A cough is a sudden expulsion of air from the lungs. Its purpose is usually to clear secretions and inhaled foreign substances from the lungs and respiratory tract.
There are different types of cough:
Subacute cough is often a cough that follows a respiratory infection. It can also be caused by exposure to irritants or to anything that can cause chronic cough.
A chronic cough has many causes. Common examples include:
Alveoli (Air Sacs) of Lung
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Factors that may increase your risk of developing a cough include:
A cough can be a symptom of an underlying condition.
Coughs can be productive or dry. You may find that your cough is worse when waking up and during the night while lying down.
Call your doctor if you have:
Call for medical help or go to the emergency room right away if you have cough with:
You will be asked about your symptoms and medical history. A physical exam will be done.
Acute cough is usually diagnosed by its accompanying symptoms.
Your bodily fluids may be tested. This can be done with:
Images may be taken of your bodily structures. This can be done with:
Your lung function and capacity may be tested. This can be done with pulmonary function tests.
The best treatment for a cough is to treat the underlying condition.
There are many over-the-counter (OTC) cough and cold products available. These include decongestants, expectorants, antihistamines, and antitussives.
Note: Cough and cold medications should not be used in children under 2 years old, and they are not recommended in children under 4 years old. The US Food and Drug Administration has not completed its review regarding the safety of over-the-counter cough and cold medications in children ages 2-11 years. Rare, but serious side effects have been reported.
Consider putting a steam vaporizer or cool-mist humidifier in your room. This type of moisture therapy may help to make secretions looser and easier to cough up.
To reduce your chances of developing a cough:
American Lung Association
Family Doctor—American Academy of Family Physicians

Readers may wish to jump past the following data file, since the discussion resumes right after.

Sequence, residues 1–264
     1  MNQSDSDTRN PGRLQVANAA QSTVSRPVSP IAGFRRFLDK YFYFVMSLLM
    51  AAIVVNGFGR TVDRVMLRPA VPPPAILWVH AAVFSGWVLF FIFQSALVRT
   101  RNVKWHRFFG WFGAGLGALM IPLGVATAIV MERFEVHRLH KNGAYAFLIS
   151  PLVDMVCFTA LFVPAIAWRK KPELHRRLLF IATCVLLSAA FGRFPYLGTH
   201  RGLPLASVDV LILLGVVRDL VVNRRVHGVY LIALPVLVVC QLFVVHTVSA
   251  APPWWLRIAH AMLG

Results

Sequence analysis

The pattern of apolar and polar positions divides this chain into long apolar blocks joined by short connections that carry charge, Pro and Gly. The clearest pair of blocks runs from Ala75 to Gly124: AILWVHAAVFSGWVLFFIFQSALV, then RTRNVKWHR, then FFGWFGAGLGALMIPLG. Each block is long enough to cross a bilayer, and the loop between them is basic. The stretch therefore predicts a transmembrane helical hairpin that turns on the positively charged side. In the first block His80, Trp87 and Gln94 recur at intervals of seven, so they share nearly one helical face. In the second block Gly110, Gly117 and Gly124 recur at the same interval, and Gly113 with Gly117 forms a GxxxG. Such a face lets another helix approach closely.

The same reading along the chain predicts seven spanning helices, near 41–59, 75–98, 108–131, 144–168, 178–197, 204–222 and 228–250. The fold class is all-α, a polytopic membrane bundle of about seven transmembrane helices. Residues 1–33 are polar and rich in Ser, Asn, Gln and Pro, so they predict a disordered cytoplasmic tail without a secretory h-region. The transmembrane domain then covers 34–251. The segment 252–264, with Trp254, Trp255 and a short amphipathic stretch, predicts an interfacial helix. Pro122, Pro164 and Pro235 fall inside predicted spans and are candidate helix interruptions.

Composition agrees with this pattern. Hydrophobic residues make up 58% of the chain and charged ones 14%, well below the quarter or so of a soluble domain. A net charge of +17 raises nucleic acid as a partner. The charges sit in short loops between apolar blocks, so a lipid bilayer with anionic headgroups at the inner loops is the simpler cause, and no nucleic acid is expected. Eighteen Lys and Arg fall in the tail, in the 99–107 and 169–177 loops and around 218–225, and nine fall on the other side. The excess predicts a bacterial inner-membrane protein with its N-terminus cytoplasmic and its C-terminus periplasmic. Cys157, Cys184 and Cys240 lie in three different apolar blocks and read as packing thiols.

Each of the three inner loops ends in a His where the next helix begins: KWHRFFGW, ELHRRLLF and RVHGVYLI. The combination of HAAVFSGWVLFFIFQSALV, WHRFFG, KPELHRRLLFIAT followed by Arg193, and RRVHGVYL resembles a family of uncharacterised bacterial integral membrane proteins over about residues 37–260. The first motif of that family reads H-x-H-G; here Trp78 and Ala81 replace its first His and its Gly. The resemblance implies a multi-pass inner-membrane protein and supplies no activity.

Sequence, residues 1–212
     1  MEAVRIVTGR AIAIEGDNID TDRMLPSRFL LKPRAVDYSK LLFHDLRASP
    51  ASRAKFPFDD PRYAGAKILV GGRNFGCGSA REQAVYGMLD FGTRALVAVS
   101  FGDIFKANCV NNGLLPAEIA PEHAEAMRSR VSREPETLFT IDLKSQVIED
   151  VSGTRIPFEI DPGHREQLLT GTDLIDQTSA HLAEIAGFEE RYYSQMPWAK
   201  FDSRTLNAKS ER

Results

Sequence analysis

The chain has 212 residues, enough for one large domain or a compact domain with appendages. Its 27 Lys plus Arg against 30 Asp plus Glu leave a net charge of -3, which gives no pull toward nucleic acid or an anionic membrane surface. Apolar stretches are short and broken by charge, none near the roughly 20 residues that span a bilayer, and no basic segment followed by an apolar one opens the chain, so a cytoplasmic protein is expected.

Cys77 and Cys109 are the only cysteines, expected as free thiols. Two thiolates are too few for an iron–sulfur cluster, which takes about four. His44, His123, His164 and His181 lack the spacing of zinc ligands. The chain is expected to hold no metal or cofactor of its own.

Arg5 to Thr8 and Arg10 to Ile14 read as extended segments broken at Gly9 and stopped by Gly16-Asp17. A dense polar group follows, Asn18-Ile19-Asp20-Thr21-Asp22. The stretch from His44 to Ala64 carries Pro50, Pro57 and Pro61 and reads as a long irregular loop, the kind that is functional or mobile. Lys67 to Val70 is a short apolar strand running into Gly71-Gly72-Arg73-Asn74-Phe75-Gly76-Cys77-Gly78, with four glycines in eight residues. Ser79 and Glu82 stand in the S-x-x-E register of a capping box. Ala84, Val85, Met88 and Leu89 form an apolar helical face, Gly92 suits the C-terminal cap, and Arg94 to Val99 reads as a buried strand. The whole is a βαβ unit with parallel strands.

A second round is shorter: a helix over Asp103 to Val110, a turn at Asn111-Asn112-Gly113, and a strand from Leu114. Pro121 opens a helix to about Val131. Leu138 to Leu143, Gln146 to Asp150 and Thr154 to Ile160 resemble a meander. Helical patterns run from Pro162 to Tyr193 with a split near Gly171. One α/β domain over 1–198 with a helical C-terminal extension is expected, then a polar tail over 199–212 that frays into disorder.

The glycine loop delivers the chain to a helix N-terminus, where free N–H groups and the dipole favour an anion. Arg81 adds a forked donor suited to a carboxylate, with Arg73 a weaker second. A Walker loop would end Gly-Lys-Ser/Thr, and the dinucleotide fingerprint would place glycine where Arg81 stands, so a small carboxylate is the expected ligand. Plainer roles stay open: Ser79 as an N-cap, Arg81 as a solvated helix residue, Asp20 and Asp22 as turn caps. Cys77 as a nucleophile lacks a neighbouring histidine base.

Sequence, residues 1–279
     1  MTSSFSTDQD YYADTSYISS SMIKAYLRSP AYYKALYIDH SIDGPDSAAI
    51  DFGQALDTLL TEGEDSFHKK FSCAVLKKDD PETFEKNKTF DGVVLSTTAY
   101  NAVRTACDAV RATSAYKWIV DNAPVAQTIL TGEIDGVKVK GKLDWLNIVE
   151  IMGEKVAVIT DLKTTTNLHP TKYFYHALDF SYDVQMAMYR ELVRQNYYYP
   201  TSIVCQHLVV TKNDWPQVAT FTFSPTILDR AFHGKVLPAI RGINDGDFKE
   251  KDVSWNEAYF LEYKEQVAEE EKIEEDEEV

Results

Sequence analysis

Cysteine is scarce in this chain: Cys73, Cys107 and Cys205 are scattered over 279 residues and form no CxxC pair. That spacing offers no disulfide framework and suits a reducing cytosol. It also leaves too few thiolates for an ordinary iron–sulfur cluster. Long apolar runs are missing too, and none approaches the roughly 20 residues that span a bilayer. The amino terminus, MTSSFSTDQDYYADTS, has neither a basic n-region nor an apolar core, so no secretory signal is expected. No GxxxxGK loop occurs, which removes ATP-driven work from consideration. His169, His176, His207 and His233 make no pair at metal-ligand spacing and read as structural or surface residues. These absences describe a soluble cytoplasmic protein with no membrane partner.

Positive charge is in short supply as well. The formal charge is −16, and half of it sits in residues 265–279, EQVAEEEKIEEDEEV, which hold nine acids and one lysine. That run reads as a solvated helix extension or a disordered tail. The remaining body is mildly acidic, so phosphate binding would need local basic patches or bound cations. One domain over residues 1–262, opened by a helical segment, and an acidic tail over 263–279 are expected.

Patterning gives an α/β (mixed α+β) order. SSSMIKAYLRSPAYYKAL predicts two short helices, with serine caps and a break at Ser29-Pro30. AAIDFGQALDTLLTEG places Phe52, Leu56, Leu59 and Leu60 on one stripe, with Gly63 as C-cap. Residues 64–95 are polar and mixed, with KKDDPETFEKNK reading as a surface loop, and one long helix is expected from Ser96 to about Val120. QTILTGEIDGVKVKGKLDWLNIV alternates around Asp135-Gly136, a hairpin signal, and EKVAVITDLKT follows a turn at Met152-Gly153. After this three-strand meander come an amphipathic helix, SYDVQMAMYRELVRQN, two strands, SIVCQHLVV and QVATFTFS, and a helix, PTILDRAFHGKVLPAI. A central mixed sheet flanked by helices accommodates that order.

Chronic cough in adults. EBSCO DynaMed website. Available at: http://www.ebscohost.com/dynamed. Updated June 18, 2014. Accessed September 17, 2014.
Cough. American Academy of Family Physicians Family Doctor website. Available at: http://familydoctor.org/familydoctor/en/health-tools/search-by-symptom/cough.html. Accessed September 17, 2014.
Coughlin L. Cough: Diagnosis and management. Am Fam Physician. 2007;75(4):567-575.
1/30/2008 DynaMed's Systematic Literature Surveillance http://www.ebscohost.com/dynamed: Public health advisory: Nonprescription cough and cold medicine use in children—FDA recommends that over-the-counter (OTC) cough and cold products not be used for infants and children under 2 years of age. US Food and Drug Administration website. Available at: http://www.fda.gov/ForConsumers/ConsumerUpdates/ucm051137.htm. Updated August 20, 2013. Accessed September 17, 2014.
1/30/2008 DynaMed's Systematic Literature Surveillance http://www.ebscohost.com/dynamed: Paul IM, Beiler J, McMonagle A, Shaffer ML, Duda L, Berlin CM Jr. Effect of honey, dextromethorphan, and no treatment on nocturnal cough and sleep quality for coughing children and their parents. Arch Pediatr Adolesc Med. 2007;161(6):1149-1153.
11/12/2010 DynaMed's Systematic Literature Surveillance http://www.ebscohost.com/dynamed: Smith S, Schroeder K, Fahey T. Over-the-counter (OTC) medications for acute cough in children and adults in ambulatory settings. Cochrane Database Syst Rev. 2010;(9):CD001831.
Last reviewed August 2015 by David Horn, MD
Please be aware that this information is provided to supplement the care provided by your physician. It is neither intended nor implied to be a substitute for professional medical advice. CALL YOUR HEALTHCARE PROVIDER IMMEDIATELY IF YOU THINK YOU MAY HAVE A MEDICAL EMERGENCY. Always seek the advice of your physician or other qualified health provider prior to starting any new treatment or with any questions you may have regarding a medical condition.
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